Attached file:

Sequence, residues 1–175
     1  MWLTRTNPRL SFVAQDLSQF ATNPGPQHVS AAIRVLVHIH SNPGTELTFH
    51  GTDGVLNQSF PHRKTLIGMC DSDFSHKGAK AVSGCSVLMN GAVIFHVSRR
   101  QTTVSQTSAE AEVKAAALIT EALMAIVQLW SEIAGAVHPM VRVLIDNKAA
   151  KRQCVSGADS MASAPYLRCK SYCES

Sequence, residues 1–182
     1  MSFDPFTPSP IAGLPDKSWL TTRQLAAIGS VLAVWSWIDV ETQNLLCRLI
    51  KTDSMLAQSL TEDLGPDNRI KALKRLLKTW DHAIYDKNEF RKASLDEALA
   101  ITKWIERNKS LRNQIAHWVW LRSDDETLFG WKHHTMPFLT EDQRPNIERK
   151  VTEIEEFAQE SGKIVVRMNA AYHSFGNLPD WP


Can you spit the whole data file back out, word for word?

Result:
Sequence, residues 1–175
     1  MWLTRTNPRL SFVAQDLSQF ATNPGPQHVS AAIRVLVHIH SNPGTELTFH
    51  GTDGVLNQSF PHRKTLIGMC DSDFSHKGAK AVSGCSVLMN GAVIFHVSRR
   101  QTTVSQTSAE AEVKAAALIT EALMAIVQLW SEIAGAVHPM VRVLIDNKAA
   151  KRQCVSGADS MASAPYLRCK SYCES

Sequence, residues 1–182
     1  MSFDPFTPSP IAGLPDKSWL TTRQLAAIGS VLAVWSWIDV ETQNLLCRLI
    51  KTDSMLAQSL TEDLGPDNRI KALKRLLKTW DHAIYDKNEF RKASLDEALA
   101  ITKWIERNKS LRNQIAHWVW LRSDDETLFG WKHHTMPFLT EDQRPNIERK
   151  VTEIEEFAQE SGKIVVRMNA AYHSFGNLPD WP